private lenders

Retailer
Farm machinery Trader /
suppliers Transporter

Supermarket
Business
services
Contract
farming
Other marketing companies Intermediate Final
processor processor
Source: EY Analysis

Key issues and challenges in the agri-value chain of commodity

Fragmentation in land
holding and continuous Subscale farm sizes ~ 1-2 Ha, farmer indebtness, 70 % rainfall
availability of raw mate- dependent and seasonality is affecting the continuous supply
rials to FPI units of raw materials

Huge levels of wastage


due to poor infrastruc- Limited organized presence and infrastructure gap in the
ture across supply procurement and supply chain leading to wastage, low value
chain is impacting add, price-build up and poor food quality and safety
productivity

Incremental approach, Implementation bottlenecks in food safety laws for the food
multiple regulations for processing sector, as the food sector is been governed by a
food safety laws multiplicity of laws under different ministries

Lack of adequate Competitiveness of food industry impacted due to strong


skilled/ trained \]Õ[a]f[a]kafl][`fa[Ydcfgo`go'kmhhgjl$k`gjlY_]g^
manpower skilled, semi-skilled and unskilled workers

Poor scaling and O`ad]keYddk[Yd]Y[lanalq'EKE=Ìkaf^gg\hjg[]kkaf_ 1-$/1*


integration with unregistered FPI units) was promoted with a view to foster
stakeholders employment inclusion, it has constrained growth in output,
quality and productivity

Poor demand in Use of traditional technologies, resulting in low processing


potential foreign ]^Õ[a]f[qj]YdarYlagf$dY[cg^imYdalqY[[j]\alYlagf[]flj]k$
market due to obsolete and poor post harvest management has affected the demand
technologies in use from potential global markets

Connecting farm and industry: Through value chain empowerment 21


Large burger chain and potato farming success in Gujarat
Af\aYf^Yje]jk`Yn]cfgofhglYlg^Yjeaf_^jgel`]\Yqkg^l`]:jalak`JYb$Zmlalak;YfY\YÌkdYj_]Zmj_]j[`Yaf$Y
family-owned global supplier, and a seller of own-brand wedges, fries and tikkies, that has taught farmers here to
_jgol`]ek[a]flaÕ[Yddq&

They entered India in 1998 and worked on potatoes in Punjab, Haryana and Uttar Pradesh but found the cold
weather inhibiting weight gain and adding sugar (which caramelizes and turns fries dirty brown). West Bengal, like
Gujarat, has the ideal climate, but plot sizes are too small for contract farming, so it gave up trials about three years
into the process.

L`]q^gmf\]fgjegmkoYkl]af?mbYjYl&>dgg\ajja_YlagfoYkl`]hjY[la[]$l`]oYl]jÖmk`]\ogmd\Y\\mhlgY/-(
ee[gdmefZql`]]f\g^l`][jghk]Ykgf&:mlhglYlg]kf]]\egaklmj]$fgl\j]f[`af_&BmklYkem[`oYl]jk`gmd\
be replenished as evaporates from soil and transpires through leaves. Farmers lavished nitrogenous fertilizer to
make up for the nutrient leaching through the sandy soil. High humidity brought pest and fungal attacks.
They persuaded farmers to use sprinklers, cutting water and nitrogen use by a third. They are commonplace now,
aided by government subsidies, and eight-hour rationed power supply to the farm grid. How long the sprinklers
k`gmd\Z]gfak\]l]jeaf]\Zq\YlYhjgna\]\Zql`][gehYfqÌklogo]Yl`]jklYlagfk$gf]YlYkhglgfl`]oYqlgEl&
Abu (in Rajasthan), and the other at Himmatnagar in Sabarkantha district. Through phone calls and text messages,
Õ]d\klY^^[gfn]qkl`]af^gjeYlagflg^Yje]jk&Gl`]jaffgnYlagfk`Yn]j]\m[]\hdYflaf_lae]Yf\]f]j_qmk]af[gd\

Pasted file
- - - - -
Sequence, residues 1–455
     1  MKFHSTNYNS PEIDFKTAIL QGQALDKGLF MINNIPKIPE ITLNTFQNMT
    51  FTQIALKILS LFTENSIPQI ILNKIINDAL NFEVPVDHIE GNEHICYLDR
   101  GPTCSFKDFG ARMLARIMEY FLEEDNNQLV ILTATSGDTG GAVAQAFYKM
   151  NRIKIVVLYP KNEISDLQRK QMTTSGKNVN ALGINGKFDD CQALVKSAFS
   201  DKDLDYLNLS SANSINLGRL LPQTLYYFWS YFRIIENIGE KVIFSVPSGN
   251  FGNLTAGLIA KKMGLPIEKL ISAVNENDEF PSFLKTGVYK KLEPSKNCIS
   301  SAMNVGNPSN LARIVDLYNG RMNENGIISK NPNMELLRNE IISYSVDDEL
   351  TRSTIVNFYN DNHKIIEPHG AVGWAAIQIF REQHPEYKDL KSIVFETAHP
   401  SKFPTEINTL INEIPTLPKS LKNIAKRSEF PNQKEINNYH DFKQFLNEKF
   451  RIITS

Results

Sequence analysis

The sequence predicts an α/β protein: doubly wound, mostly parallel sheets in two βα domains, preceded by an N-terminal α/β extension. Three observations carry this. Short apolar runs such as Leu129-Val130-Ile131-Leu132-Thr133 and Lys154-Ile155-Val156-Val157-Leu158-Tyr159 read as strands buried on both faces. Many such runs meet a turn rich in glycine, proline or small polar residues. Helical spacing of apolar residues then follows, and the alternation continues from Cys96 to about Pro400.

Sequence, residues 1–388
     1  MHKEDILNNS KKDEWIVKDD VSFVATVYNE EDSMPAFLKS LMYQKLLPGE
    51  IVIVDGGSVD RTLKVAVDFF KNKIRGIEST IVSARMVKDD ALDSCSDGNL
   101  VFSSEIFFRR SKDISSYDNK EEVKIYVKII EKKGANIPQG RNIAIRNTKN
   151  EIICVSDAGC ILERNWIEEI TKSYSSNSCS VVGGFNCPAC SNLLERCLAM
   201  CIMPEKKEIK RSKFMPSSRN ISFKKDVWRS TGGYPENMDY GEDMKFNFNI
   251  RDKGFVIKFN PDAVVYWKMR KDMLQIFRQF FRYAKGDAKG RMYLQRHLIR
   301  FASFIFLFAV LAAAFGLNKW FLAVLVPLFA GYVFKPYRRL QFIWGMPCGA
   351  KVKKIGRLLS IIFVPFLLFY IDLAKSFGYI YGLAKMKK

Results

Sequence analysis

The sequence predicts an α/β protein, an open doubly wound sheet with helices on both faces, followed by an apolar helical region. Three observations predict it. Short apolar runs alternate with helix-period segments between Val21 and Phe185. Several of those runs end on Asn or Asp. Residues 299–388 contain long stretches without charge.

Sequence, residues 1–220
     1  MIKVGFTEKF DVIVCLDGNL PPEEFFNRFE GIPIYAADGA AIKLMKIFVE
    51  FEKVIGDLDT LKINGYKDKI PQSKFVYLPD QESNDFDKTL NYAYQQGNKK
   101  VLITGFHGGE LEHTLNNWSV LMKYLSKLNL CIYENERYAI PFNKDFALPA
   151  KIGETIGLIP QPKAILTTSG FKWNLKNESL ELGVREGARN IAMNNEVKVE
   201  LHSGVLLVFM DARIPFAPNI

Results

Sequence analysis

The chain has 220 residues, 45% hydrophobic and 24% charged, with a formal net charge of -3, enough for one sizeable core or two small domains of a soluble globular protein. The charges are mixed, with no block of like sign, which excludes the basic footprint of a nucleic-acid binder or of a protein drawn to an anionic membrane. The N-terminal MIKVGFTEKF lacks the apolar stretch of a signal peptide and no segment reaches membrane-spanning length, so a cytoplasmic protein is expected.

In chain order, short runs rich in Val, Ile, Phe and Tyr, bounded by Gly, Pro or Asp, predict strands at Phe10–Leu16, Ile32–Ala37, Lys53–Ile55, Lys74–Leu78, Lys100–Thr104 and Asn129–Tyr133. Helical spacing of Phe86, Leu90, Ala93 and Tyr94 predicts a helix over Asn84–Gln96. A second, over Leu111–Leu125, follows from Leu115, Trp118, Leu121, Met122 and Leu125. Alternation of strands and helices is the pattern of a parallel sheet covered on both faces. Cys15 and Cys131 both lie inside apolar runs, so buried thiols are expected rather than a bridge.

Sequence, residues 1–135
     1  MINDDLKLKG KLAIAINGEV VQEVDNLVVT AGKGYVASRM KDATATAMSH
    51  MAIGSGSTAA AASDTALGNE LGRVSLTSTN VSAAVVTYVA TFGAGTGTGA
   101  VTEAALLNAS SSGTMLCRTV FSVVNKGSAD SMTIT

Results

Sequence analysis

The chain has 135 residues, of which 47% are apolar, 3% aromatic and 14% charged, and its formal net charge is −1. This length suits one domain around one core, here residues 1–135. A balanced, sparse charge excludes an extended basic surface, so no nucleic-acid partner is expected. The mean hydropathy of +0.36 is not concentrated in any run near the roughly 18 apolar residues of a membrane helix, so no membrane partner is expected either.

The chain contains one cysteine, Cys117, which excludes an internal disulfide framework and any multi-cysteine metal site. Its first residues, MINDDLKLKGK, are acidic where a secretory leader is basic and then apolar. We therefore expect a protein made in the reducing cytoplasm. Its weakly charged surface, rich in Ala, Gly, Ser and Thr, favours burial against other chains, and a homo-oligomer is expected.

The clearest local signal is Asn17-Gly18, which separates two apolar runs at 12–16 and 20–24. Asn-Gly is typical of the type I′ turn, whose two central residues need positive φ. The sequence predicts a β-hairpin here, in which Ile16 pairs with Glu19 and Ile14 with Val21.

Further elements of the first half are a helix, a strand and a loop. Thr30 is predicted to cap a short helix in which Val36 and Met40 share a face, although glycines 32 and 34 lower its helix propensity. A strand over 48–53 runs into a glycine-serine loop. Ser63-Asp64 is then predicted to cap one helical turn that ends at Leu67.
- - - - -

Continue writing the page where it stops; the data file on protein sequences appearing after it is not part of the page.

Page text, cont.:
storages. They began contract farming in 2006 with four farmers and 16 acres in Badgam village. Today, 900 of
l`]eYkkmj]alYhjg\m[]g^,$-((Y[j]k&L`][gehYfqÌkhdYflYlE]`kYfY`YkYfYhh]lal]g^-($(((lgff]kYq]Yj$
most of which is mopped up from within the vicinity.

In November, at the beginning of the potato season, farmers sign a contract pledging to supply at least 10 times
l`]imYflalqg^k]]\Zql`]l`aj\o]]cg^EYj[`$Y^l]jo`a[`hmj[`Yk]kklgh&L`]imYdalqhYjYe]l]jkYj]kh][aÕ]\$Y
detailed schedule of farming practices, written in Gujarati, is provided for each variety of potato. Agronomic advice
is also available on call. Farmers get seed spuds for half the price, the rest is deducted from the sale price. If farmers
default, post-dated cheques are encashed.

Farmers start with the large burger chain and move on within a few years, after they get a hang of the art. Often
they grow for multiple buyers.

An amalgam of factors—a law that allows farmers to sell directly rather than through mandis, a choice of buyers, a
rash of cold storages incentivized by subsidies and regular power supply, a network of good rural roads and access
to information on the internet and the mobile phone—has given farmers better control over their lives.
EF;k`Yn]ÕfYf[aYdemk[d]Yf\l][`fa[Ydcfgo`golgeYc]dgf_l]jeafn]kle]flk&L`]q[YfhYq9HE;[]kkYf\
q]lZ]hjgÕlYZd]Zml9HE;[]kkaf[gfljY[l^Yjeaf_akeYbgj[gkl[gehgf]fl^gjgl`]jafn]klgjk&HjgZYZdql`akak
the reason for not having any other major players entering Gujarat market with similar model, despite this model
being easily replicable elsewhere with any crop. Abolition of this cess may spur such investments.

Kgmj[]2L`]HglYlg>Yjeaf_Km[[]kkg^?mbYjYlÌk:YfYkcYfl`Y<aklja[l$>gjZ]kAf\aY$*()+,

22 Connecting farm and industry: Through value chain empowerment


India has huge potential for a high and sustained growth in the agriculture and allied sectors, considering that there is
huge untapped potential along the value chain. Thus, there is an urgent need for the forward and backward integration
to act as a catalyst and key enabler for the industry to succeed.

Source: FICCI

The success of a commodity value chain depends on various factors– business services avaliable, convergence in input supply and
hjg\m[lhjg[mj]e]fl$hjgpaealqg^^gg\hjg[]kkaf_af\mkljqlgjYoeYl]jaYdYf\afhmlk$dgo[gklkljm[lmj]kh][aÕ[Yddq^gjhjaeYjq
hjg[]kkaf_Y[lanala]k$\a^^]j]flaYZadalqg^Õfak`]\hjg\m[lk$Ykkmj]\[gfkmehlagf[]fl]jk$\gofklj]YedafcY_]klgo`gd]kYd]$j]lYad
or export markets.

There are supply side advantages too- India has favorable climate for agriculture due to which a wide variety of crops are grown